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Published on 27.10.15 in Vol 1, No 1 (2015): October

Preprints (earlier versions) of this paper are available at http://preprints.jmir.org/preprint/4691, first published May 14, 2015.

This paper is in the following e-collection/theme issue:

    Abstract

    Pilot Development of BP-Glass for Unobtrusive Ambulatory Blood Pressure Monitoring

    1Neural Systems Group, Deptment of Psychiatry, Harvard Medical School and Massachusetts General Hospital, Charlestown, MA, United States

    2Key Laboratory of Biomedical Information Engineering of Education Ministry, Xi'an Jiaotong University, Xi'an, China

    3Medical Physics Dept, Leicester Royal Infirmary, University Hospitals of Leicester, Leicester, United Kingdom

    4Department of Electronic Engineering, Hong Kong, China (Hong Kong)

    5Department of Electronic Engineering, The Chinese University of Hong Kong, Hong Kong, China (Hong Kong)

    Corresponding Author:

    Quan Zhang, PhD

    Neural Systems Group

    Deptment of Psychiatry

    Harvard Medical School and Massachusetts General Hospital

    13th St, Building 149, Rm 10029

    Charlestown, MA, 02129

    United States

    Phone: 1 617 724 9608

    Fax:1 617 726 4078

    Email:


    ABSTRACT

    Background: Cardiovascular disease (CVD) is the leading cause of death and lower life expectancy worldwide, and is a heavy financial burden both to individuals and to the health system. Blood pressure (BP) control is one of the key strategies to prevent CVDs such as heart attacks and strokes; unfortunately, the proportion of patients with controlled BP has not improved in recent years, despite the increased intensity of therapy. Efforts are being made to improve this situation, including early identification of at-risk individuals using connected health concepts, individualized therapies, adoption of more sensitive clinical indices, and home BP monitoring. The existing BP methods each demonstrate different limitations, including their obtrusiveness, inability to provide continuous monitoring, difficulty integrating into Electronic Health Records, human error concerns, or high cost. New technologies for unobtrusive ambulatory blood pressure monitoring (ABPM) remain to be developed to combine the latest sensor and information technologies and to support the coming connected health strategies.

    Objective: The objective of this pilot study is to develop a novel, unobtrusive ABPM technology that features beat-to-beat continuous BP monitoring, seamless automatic integration with electronic health records (EHR) and/or internet, low cost to meet today’s need of BP control and CVD prevention.

    Methods: In this paper, we describe the pilot development of a novel wearable ABP monitoring device, BP-Glass. BP-Glass integrates three noninvasive, cuffless and continuous BP sensing technologies into a pair of eyeglasses: tonometry, pulse transit time (PTT) and hemodynamics-based technologies. In the BP-Glass prototype, a superficial temporal artery (STA) tonometry sensor is integrated into a pair of eyeglasses for unobtrusive sensing of ABP; together with a battery powered wearable recording system, the BP-Glass system is capable of recording ABP, electrocardiogram (ECG), respiration, cerebral hemodynamics, systemic hemodynamics and subjects’ motion for up to 24 hours at 250Hz sampling rate, and the total weight of the whole multi-modality monitoring system is less than 350 grams. The system’s performance is demonstrated by ambulatory tests during subject’s normal activity; ABP fluctuations during micturition and Valsalva maneuvers are discussed in detail.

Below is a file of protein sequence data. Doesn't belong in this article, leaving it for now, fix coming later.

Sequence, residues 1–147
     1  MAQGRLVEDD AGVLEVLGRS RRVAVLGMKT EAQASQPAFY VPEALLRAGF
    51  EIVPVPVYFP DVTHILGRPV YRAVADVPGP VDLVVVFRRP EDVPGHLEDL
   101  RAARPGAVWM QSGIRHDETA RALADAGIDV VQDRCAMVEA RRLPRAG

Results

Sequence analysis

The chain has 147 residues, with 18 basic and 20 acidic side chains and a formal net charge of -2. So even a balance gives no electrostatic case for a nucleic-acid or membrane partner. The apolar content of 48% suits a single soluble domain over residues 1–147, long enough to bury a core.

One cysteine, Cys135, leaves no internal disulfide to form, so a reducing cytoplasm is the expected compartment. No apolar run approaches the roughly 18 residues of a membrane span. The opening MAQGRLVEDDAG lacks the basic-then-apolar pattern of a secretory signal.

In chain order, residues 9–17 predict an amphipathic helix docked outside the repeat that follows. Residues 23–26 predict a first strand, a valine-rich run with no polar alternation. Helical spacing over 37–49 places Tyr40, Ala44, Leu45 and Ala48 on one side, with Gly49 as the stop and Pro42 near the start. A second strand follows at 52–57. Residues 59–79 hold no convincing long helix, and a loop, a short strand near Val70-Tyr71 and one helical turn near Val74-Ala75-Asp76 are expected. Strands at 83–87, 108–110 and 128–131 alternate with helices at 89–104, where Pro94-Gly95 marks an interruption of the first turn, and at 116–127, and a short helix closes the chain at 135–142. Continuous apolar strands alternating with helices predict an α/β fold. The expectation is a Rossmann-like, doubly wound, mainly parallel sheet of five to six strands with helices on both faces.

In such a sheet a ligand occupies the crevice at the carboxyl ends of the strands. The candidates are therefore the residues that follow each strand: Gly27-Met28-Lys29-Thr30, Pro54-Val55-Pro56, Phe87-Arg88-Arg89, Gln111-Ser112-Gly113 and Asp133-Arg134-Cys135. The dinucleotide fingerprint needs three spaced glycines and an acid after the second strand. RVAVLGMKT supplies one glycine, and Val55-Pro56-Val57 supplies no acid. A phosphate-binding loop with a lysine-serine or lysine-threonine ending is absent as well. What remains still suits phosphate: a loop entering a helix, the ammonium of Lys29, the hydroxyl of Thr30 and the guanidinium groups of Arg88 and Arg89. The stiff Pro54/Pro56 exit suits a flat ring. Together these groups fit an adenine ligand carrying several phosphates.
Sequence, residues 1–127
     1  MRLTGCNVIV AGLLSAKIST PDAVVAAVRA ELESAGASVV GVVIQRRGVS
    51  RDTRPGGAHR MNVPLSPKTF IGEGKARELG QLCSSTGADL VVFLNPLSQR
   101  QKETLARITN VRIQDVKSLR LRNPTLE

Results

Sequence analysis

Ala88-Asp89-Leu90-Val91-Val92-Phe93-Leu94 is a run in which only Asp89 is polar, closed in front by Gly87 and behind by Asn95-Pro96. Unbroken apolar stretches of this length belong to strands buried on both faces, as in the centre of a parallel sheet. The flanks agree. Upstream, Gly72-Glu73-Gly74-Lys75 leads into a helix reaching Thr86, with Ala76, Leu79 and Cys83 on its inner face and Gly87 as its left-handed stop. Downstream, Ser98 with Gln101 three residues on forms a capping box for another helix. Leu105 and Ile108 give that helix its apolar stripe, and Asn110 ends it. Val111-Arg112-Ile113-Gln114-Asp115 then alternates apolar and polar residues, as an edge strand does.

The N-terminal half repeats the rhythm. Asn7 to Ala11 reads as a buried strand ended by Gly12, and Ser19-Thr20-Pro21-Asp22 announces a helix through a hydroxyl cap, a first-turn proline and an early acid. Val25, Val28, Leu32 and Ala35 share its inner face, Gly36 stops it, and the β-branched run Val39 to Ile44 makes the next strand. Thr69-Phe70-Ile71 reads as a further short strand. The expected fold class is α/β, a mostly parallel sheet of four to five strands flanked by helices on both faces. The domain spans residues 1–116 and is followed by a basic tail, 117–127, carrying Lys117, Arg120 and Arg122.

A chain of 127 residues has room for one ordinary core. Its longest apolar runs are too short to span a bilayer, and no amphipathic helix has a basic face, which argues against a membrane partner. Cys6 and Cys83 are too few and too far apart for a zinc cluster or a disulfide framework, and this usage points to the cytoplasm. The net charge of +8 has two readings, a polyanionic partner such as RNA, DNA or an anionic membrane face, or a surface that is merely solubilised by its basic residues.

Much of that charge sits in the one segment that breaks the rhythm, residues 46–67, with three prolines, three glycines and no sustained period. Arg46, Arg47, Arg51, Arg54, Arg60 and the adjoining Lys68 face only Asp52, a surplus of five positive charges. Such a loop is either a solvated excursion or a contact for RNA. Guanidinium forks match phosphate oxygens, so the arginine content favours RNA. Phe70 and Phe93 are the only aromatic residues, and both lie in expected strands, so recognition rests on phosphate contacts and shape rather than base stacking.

Results: Successful ambulatory BP monitoring using BP-Glass during people’s daily activities were conducted. Interesting spontaneous or introduced blood pressure fluctuations were captured during the ambulatory recording, including Micturition response and Valsalva Maneuver response.

    Conclusions: These preliminary results demonstrate the feasibility of our BP-Glass design for ABP monitoring, and suggest that system has significant potential in the diagnosis and management of cardiovascular and cerebrovascular disease, especially powerful in catching ABP fluctuations during transient symptoms, such as syncope, with unpredictable onsets. To the best of our knowledge, this is the first report of multi-modality ABP monitoring and simultaneous blood pressure and hemodynamics recording during events in peoples’ daily activity.

    iProc 2015;1(1):e8

    doi:10.2196/iproc.4691

    KEYWORDS


    (This is a conference paper presented at the Connected Health Symposium, Boston, 2015, which was not edited and is only lightly peer-reviewed).

    Multimedia Appendix 1

    Extended abstract.

    PDF File (Adobe PDF File), 884KB

    References

      Edited by G Eysenbach, T Hale; submitted 14.05.15; peer-reviewed by T Tamura; accepted 20.07.15; published 27.10.15

      ©Quan Zhang, Gang Hu, Xiangguo Yan, Kong Yien Chin, Gary E. Strangman, Ni Zhao, Yuan-Ting Zhang. Originally published in JMIR Mhealth and Uhealth (http://www.iproc.org), 27.10.2015.

      This is an open-access article distributed under the terms of the Creative Commons Attribution License (http://creativecommons.org/licenses/by/2.0/), which permits unrestricted use, distribution, and reproduction in any medium, provided the original work, first published in JMIR mhealth and uhealth, is properly cited. The complete bibliographic information, a link to the original publication on http://mhealth.jmir.org/, as well as this copyright and license information must be included.